What does being “contaminated by death,” and a traveling on a “distant road” have to do with us?
These terms point to deeper concepts. A state of disconnection from God is a type of death. A distant road is place where we are far away from who we really are supposed to be. This is something most of us can identify with.
-Kareb Wolfers Rapaport
“Pesach Sheni: The Holiday of Second Chances”
Any person of faith who believes Hashem grants us only two chances in life is sadly delusional. As far as my life goes, I can’t count the number of “chances” God has given me (and is still giving me) to pull my head out of that hole in the ground and get back into the game.
I don’t know about you, but I sometimes find it disheartening to blog in the religious space, particularly in the realm Messianic Judaism and Hebrew Roots.
While I’ve been told repeatedly that my blog speaks for a certain number of people out there, people like me, non-Jews who have discovered that a particularly Jewish interpretation of the scriptures, of the New Covenant, of God’s intent for not only Israel but the rest of humanity, of the meaning and purpose of Messiah, is the best and most accurate way to understand all of that and who we are because of it, what I write doesn’t speak for a much, much larger segment of both Christianity and Judaism.
I’ve received criticisms and complaints, both on my blog and via email, from mainstream religious Jews, from Messianic Jews, from Messianic Gentiles, from mainstream Christians, and just about anyone and everyone who identifies with what we call Hebrew Roots.
Some of these folks are Internet trolls, but many of them are good, kind, well-meaning people who I’ve managed to inadvertently offend in one way or another.
I’ve stopped going to church, in part, because what I believe and who I am is fundamentally incompatible with traditional Christian theology and doctrine (and not being one who tends to keep his mouth shut when asked for an opinion, I became quite a pain in the neck).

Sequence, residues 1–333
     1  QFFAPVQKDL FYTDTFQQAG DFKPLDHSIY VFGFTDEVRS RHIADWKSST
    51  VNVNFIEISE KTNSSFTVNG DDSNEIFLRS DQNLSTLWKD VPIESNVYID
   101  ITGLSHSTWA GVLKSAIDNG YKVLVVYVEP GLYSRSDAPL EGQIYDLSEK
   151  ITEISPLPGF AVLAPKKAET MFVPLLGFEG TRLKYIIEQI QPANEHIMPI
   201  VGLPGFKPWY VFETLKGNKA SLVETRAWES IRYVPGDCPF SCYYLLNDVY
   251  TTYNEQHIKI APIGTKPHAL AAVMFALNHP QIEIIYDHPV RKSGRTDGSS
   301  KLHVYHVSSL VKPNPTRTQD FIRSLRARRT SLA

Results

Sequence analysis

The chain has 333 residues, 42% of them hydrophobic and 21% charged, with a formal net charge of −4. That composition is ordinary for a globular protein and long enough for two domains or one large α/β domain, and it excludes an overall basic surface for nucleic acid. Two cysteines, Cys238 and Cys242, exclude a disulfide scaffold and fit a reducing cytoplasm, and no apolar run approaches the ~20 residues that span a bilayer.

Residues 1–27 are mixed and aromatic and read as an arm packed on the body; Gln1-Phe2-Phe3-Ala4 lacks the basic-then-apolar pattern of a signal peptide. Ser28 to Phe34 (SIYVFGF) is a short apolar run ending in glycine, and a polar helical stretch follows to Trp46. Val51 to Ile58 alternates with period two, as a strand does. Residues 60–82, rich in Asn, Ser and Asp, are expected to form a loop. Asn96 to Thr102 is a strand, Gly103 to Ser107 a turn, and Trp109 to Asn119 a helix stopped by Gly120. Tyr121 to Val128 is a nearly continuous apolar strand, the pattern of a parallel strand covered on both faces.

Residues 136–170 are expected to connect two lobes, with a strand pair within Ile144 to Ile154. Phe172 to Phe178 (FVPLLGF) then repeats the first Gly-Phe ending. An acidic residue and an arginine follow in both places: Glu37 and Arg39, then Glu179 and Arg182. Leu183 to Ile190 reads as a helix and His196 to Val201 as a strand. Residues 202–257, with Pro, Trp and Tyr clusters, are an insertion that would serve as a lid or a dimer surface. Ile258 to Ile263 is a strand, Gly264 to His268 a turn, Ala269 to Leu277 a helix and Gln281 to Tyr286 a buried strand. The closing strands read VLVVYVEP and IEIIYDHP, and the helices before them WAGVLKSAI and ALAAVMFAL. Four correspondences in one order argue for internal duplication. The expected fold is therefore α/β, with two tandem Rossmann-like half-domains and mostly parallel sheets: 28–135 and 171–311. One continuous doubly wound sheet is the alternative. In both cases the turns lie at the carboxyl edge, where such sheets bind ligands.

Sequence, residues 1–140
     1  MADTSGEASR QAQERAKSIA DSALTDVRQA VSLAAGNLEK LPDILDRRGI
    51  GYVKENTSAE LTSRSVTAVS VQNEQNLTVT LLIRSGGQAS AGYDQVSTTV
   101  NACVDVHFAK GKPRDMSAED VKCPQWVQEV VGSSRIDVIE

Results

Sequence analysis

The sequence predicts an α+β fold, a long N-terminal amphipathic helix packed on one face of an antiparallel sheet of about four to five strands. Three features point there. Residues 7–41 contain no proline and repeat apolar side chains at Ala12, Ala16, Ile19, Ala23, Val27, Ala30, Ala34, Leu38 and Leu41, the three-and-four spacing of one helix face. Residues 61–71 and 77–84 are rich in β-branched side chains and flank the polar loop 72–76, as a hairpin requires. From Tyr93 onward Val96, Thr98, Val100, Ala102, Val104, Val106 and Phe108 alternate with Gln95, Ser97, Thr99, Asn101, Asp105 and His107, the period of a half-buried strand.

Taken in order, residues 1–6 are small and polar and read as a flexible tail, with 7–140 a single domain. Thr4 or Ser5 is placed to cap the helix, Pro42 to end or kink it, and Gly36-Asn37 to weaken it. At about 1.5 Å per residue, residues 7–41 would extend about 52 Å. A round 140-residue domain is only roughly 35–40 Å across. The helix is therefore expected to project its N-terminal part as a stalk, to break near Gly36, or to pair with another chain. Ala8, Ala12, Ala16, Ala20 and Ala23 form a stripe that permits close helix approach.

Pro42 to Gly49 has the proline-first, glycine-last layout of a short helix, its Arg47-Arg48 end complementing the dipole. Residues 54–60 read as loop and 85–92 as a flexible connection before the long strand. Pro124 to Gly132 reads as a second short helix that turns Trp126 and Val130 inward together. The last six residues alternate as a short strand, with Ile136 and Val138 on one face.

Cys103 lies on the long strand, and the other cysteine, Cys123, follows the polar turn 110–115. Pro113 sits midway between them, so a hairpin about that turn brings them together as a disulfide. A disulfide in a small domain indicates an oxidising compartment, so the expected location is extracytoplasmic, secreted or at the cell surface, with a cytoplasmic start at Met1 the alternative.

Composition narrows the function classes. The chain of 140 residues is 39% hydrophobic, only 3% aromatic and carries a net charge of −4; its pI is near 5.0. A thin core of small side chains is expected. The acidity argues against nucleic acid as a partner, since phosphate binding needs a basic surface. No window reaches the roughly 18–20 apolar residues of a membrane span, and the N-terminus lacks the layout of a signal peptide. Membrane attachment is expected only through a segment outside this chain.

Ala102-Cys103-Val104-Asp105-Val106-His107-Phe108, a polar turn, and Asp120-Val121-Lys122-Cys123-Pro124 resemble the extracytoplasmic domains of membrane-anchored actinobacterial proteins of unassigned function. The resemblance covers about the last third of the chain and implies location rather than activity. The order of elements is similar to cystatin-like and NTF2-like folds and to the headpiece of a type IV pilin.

I don’t deliberately stick my nose into online and actual mainstream Jewish venues, already knowing what they would think of someone like me (apart from quoting sources such as Aish).
I have increasingly separated myself from a number of Messianic Jewish organizations for similar reasons.
Only God is silent about what I write. I suspect He’s waiting for me to make up my mind about what I’m supposed to be doing.
So you see, I believe that if people were only given two chances, me included, the vast majority of us would already be toast.
According to Karen Wolfers Rapaport’s article:
Pesach Sheni, the holiday of second chances, reminds us that we can always change our steps and return home.
The question for someone like me is where exactly is “home,” at least in the material sense?
Of course Pesach Sheni has little or nothing to do with me since I’m not Jewish. In any event, its applicability in the current Jewish world is stifled by the absence of the Temple and the Priesthood.
The holiday only tangentially speaks to the non-Jewish world that God offers such “second chances” to us, too, and it begs the question, what do I do with the chance I hold in my hands now? What are you going to do with yours?